This is from the same BSA that uses strongarm and extortionist tactics to force businesses to pay ridiculous fees. This organization is little more than organized crime who would make the Mafia look like a bunch of patsies.
    • Open Source!

    • Weapon of choice...

      In this instance, the weapon of choice is a lawyer instead of a tommy-gun.
  • Still waiting to see... the BSA calculates losses. Maybe the method is a confidential trade secret.
    John L. Ries
    • They look at every unauthorized sale

      Everytime someone buys an unauthorized copy, that's a sale that a software publisher didn't get. BSA says if we had no piracy that person would have paid retail for that copy.

      Thus everyone who buys a "pirated" copy for is assumed to be a willing customer for the product at any price. They are buying the pirated version becasue it's cheaper. This of course discounts the fact that the sale ONLY happened because it was dirt cheap. It discounts the fact that people frequently decide NOT TO BUY something if it costs more than its value.

      Given the trivial feature differential between proprietary and free software, I'd say that's a calculation people make all the time.
      • That's what I thought

        It's as much of a lie as it was 15 years ago, but propagandists and rhetoricians rarely have any interest in truth.
        John L. Ries
      • I have had many trial versions

        on my home computer of some of this expensive software - and I have yet to find anything I'd pay the retail price for. I use cheaper alternatives, and only have Microsoft office because I found 2007 on Amazon for about $88 on sale. The University where I work is considering major software changes - most of which is migrating away from some of this over priced junk.
        library assistant
      • They do tend to stretch credulity a bit

        Like everyone that didn't pay $1800 for Adobe's suite is going to bust open their piggy bank and run down to the local retailer.

        Everyone that didn't pay $800 for Office is going to tap into the kid's college fund to buy enough licenses for themselves, and all the kids.

        And we claim there's a reality distortion field around Apple. Hah!
        Dr. John
  • RE: BSA says piracy cost $50 billion, awaits its IP czar

    What if the czar is an advocate of free and open source? People are tired of paying for bad software with big price tags. What other retail item can you think of that if you are not satisfied with it you can't take it back. Soft ware makers made the rules and now don't like the way the game is played. A clear case of not being in tune with your customers.
    • Not gonna happen

      They'll only choose someone who will support their story & business model, buy into their misinformation, and treat us all as a common thief. Correction, treat us all as we were multi-billion dollar bandits.

      What they should do is sell whatever software/formula/mechanism that calculates such losses so accurately, and then they wouldn't cry because they can't afford the latest Rolls Royce with all the options.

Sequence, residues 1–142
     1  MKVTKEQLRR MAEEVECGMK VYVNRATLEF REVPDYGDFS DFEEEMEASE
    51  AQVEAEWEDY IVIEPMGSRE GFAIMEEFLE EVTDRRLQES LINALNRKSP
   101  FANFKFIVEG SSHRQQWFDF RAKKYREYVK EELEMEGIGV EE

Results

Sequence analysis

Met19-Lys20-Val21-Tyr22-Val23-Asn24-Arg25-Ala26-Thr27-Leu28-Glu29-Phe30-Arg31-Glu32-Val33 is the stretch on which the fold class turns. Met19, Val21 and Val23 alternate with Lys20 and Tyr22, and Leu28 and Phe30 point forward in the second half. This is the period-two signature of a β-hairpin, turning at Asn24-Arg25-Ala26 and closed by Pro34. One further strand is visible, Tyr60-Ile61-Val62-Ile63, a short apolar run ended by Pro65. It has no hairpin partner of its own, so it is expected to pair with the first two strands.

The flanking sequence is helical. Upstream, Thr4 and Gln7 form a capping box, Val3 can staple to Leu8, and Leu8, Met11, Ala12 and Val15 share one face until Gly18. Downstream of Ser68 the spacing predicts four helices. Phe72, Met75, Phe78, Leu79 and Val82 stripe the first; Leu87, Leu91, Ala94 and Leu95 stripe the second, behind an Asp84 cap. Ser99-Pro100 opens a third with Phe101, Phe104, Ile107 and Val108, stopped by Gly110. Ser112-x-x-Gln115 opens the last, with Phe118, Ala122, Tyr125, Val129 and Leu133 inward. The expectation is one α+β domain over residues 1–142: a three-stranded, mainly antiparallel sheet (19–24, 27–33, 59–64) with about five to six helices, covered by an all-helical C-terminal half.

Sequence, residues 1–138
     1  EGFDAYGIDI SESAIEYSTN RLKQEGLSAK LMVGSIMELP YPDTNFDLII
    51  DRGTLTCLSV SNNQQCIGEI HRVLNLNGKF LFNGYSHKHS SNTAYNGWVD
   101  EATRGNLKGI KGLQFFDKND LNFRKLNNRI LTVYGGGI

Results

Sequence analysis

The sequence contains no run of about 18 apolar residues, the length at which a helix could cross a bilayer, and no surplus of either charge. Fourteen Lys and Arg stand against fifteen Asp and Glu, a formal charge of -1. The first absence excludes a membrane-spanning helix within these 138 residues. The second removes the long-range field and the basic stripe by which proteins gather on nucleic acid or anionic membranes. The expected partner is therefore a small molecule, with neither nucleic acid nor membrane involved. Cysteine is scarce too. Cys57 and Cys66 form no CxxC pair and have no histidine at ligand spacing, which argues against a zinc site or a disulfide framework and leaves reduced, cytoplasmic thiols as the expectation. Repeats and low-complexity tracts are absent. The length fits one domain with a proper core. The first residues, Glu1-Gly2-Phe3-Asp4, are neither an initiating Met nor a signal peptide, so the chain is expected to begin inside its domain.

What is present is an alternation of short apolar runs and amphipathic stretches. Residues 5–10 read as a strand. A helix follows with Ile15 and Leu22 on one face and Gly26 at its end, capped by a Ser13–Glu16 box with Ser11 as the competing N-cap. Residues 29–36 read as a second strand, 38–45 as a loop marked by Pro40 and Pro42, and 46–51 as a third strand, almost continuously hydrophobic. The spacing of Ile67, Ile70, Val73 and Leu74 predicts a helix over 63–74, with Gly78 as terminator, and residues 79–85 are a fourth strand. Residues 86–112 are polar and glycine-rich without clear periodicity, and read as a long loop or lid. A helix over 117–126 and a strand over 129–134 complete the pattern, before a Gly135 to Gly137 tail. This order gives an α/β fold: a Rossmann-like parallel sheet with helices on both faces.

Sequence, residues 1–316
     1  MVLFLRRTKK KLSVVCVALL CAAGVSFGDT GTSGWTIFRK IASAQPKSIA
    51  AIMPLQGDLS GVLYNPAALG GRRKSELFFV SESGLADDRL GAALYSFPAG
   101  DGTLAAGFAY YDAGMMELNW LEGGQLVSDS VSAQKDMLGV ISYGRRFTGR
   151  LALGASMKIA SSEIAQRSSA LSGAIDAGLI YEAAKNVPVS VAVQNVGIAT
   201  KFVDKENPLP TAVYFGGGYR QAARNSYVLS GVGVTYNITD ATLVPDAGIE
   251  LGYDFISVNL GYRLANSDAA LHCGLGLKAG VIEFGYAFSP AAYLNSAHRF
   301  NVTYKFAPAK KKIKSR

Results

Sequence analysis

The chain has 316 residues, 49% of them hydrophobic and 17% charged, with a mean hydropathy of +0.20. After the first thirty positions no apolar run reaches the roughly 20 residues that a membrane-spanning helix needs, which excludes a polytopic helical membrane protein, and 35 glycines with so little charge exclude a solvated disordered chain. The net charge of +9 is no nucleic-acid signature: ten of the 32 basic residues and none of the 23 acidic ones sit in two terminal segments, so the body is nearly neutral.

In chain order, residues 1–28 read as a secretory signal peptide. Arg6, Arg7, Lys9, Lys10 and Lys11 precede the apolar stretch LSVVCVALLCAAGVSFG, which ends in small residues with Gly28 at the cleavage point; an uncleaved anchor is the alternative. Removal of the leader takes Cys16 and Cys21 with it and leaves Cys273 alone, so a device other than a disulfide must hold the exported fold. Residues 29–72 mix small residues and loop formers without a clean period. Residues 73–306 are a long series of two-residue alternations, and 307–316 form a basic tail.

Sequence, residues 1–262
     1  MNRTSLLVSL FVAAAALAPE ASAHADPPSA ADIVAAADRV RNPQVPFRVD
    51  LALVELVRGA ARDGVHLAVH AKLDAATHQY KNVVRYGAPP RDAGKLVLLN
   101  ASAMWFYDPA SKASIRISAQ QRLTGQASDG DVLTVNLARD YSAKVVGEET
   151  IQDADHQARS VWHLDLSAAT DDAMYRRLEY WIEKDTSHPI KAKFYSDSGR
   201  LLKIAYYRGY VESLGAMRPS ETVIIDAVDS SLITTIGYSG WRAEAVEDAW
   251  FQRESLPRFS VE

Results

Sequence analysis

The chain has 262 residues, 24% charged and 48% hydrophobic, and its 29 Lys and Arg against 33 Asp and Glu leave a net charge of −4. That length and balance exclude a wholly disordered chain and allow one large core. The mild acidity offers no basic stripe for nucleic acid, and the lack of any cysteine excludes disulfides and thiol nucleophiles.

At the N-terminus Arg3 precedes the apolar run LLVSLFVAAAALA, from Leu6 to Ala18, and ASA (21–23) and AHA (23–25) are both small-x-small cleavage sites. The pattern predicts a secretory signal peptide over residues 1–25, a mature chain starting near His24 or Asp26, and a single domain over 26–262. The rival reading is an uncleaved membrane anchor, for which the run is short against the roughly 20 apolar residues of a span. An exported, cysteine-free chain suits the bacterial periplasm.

• RE: BSA says piracy cost $50 billion, awaits its IP czar

    It annoys me immensly when software producers (and the music/film industry) claim they have 'lost' x dollars because of people 'ripping them off'. Well, let's get this straight - you have LOST nothing.

    You cannot LOSE what you never had - and people who DO use copied software, music, films, were never going to buy it in the first place. So you have LOST absolutely nothing and gained, perhaps, some free advertising as they use/play/watch in front of other people.

    On that basis of course, perhaps we should be being paid for using what can be, let's face it, flawed goods needing updates every week to ensure it does what it says. After all, we ARE beta testing stuff.

    I can only say thank providence that IE is free - I can uninstall it and use a browser that works instead :)
    • ***Claps****

      I agree.
      library assistant
  • Cyber Mafia or Cuber Henny-Pennies

    The figures of 50 Billion have an accuracy of plus or minus 99%. They can't know how much it is unless they know who, what, where, and when, and they don't. The numbers are plucked out of their rectum and the temptation to justify their existance by tremendously exxagerating the numbers is enormous. I'd say 5 billion would probably be more realistic -- 10 percent of whatever they guesstimate.
  • Anal Ventriloquism

    Talking out their posterior without moving their lips.
    • RE: ANAL Ventriloquism...


      I would not want to get too close to one of these ventriloquists; lest I become completely covered in the usual output of the anus!

      Actually, I believe that they suffer from a cranial rectal inversion; with the resulting 's--- for brains syndrome'. But that again, is another story.
  • Go after the real pirates

    Go after the people in (insert foreign country here) that are getting hold of software as soon as it's released (or even before), and are selling it overseas. With RIAA, they left the real pirates alone and went after kids. What do they do, just go after the people they can easily catch? They are going to go after dumb Joe Schmuck who makes a copy of Bejeweled for his kid's friend.

    Another thing - if software "giants" would start pricing their software so most people can afford it, they wouldn't want to get the illegal copy of it. Just how many people are going to buy a $2500.00 suite to manipulate pictures and do other things? Even to just do the pictures it's about $1,000. And they wonder why people pirate. Who can afford that kind of money?
    library assistant